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issue 14 | January 2021

This is the story of Japanese Craftsmanship Spirits:
Furoshiki and Tenugui



Wrapping things in traditional wrapping materials has recently been attracting attention. One such material is Furoshiki, and the other one is Tenugui.

Furoshiki literally means “bath spread” in Japanese. During the early Edo period (Edo: 1603-1868), people used Furoshiki at public baths. Somewhere in the middle of the Edo period it became established as a means for packing and transporting things. Tenugui, literally meaning “hand wipes”, is a rectangular hand towel said to have existed since the olden days. In the Edo period, cotton cultivation became popular, and the scraps that came out when making cotton kimonos turned into Tenugui, which became a daily necessity. Post rapid economic growth period, imported towels, and paper and plastic shopping bags gained more and more popularity in Japan. The rapid changes in the world temporarily overshadowed Furoshiki and Tenugui.

Nowadays, with Furoshiki and Tenugui available in a variety of materials, colors, and designs, younger generations have started appreciating them again. The beautiful prints are sometimes even put in picture frames as a piece of art. While the most popular usage of Furoshiki and Tenugui is wrapping up a Bento lunch-box, if you learn the art of tying, Furoshiki and Tenugui can be used like a recyclable wrapping paper for wrapping bottles, or like book covers, handbags, and more. The versatility of one simple cloth changing into many forms is fascinating.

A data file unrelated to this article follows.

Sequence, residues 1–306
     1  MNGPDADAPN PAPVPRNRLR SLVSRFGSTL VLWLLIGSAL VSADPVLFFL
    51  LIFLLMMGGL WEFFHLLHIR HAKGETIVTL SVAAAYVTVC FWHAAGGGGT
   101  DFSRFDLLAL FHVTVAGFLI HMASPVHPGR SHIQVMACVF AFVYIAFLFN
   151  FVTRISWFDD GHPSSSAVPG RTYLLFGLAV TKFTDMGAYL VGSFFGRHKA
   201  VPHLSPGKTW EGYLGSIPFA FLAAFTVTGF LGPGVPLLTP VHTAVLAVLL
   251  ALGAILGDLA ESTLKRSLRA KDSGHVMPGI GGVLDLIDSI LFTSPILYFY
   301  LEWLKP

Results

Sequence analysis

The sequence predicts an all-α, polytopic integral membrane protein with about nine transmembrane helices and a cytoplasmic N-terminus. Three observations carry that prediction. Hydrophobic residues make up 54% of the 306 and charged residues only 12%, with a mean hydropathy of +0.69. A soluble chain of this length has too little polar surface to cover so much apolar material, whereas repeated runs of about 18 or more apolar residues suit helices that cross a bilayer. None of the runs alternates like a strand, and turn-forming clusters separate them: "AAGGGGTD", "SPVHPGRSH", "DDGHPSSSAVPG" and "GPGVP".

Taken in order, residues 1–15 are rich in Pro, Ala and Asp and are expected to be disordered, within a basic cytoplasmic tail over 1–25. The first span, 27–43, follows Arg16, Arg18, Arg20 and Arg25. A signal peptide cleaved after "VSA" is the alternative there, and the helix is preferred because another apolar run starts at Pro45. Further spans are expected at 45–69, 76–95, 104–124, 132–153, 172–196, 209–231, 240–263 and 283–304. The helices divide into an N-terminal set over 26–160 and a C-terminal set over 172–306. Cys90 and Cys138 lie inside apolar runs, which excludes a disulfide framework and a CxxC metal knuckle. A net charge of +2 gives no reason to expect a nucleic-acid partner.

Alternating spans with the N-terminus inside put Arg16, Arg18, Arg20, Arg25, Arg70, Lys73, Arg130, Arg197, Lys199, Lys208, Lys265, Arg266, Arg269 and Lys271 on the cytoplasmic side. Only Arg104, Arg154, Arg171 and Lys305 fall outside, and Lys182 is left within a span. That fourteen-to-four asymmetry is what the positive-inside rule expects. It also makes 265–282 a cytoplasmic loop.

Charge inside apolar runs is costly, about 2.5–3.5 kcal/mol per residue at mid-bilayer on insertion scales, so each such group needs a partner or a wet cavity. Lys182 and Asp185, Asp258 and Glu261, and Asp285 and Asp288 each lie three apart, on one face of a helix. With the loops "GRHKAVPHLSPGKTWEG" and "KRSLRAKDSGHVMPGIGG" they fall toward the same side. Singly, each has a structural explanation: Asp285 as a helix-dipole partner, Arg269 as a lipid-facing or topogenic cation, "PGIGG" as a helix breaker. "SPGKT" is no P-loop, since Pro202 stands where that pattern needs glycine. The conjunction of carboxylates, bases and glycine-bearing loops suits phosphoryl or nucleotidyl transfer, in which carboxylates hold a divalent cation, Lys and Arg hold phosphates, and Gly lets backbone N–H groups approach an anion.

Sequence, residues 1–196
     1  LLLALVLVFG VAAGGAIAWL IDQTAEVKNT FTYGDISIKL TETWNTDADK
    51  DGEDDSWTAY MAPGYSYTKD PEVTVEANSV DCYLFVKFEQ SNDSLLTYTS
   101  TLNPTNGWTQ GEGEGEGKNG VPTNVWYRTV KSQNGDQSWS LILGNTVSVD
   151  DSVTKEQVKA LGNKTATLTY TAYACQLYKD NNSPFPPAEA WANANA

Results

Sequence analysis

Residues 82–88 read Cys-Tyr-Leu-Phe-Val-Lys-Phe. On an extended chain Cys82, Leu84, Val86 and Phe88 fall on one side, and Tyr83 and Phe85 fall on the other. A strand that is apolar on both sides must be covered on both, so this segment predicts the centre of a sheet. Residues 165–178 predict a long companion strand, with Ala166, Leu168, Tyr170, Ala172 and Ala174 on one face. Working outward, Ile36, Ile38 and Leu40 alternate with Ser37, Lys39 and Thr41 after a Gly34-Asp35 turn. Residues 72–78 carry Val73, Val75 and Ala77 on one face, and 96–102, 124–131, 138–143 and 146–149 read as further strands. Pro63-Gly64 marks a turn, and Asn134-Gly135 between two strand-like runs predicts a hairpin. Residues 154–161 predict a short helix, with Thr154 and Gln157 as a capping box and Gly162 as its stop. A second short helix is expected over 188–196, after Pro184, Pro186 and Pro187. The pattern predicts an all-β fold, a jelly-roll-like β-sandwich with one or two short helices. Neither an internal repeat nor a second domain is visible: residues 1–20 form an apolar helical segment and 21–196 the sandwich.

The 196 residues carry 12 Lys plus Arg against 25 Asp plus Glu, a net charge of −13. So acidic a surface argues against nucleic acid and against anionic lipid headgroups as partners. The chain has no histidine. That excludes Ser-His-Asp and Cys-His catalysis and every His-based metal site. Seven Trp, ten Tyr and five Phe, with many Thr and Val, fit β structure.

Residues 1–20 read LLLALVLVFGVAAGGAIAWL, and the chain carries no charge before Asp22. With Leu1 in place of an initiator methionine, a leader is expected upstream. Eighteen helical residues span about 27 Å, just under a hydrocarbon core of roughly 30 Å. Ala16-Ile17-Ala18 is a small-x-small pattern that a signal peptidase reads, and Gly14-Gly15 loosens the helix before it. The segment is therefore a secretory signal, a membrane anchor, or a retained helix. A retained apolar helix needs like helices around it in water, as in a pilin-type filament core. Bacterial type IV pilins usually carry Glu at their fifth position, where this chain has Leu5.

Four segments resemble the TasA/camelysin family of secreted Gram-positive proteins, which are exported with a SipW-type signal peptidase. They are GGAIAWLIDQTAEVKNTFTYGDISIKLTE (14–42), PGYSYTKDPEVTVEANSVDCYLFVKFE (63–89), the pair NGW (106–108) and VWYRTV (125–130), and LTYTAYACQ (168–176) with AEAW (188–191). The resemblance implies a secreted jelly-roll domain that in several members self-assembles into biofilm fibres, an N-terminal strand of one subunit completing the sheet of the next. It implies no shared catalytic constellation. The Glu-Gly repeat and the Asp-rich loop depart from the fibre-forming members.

Photography: Yoneo Kawabe

Following the launch of the HIROSHIMA Armchair in 2008, Maruni started receiving design requests for a stackable chair and stool from around the world. At the designing stage, the designer Fukasawa along with Maruni decided to use metal legs, which would enhance the beauty of the wooden parts retaining the aesthetics of the HIROSHIMA series.

In the process of verifying the overall balance, it was determined that the metal legs needed to be thin. This is how stainless-steel rather than iron was adopted for the HIROSHIMA ARMCHAIR STACKABLE & STOOL. For the HIROSHIMA series, which prioritizes the texture of wood, initially polished stainless-steel emphasizing the texture of solid steel was introduced. The following year, brushed stainless-steel was also introduced.

The stackable chairs and stools maintain their beauty even when viewed from behind or when stacked. The design achieves a harmony between the thin stainless-steel legs and the solid wood parts. The chairs have been in great demand for they are perfectly suitable for both home as well as office use.

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Check out INSPIRATIONS on our website for more inspiring ideas. Our latest projects,videos, and virtual showrooms are featured there.

© 2015-2021 Maruni Wood Industry Inc.

Maruni Wood Industry Inc.
24 Shirasago Yuki-cho Saeki-ku
Hiroshima, Japan

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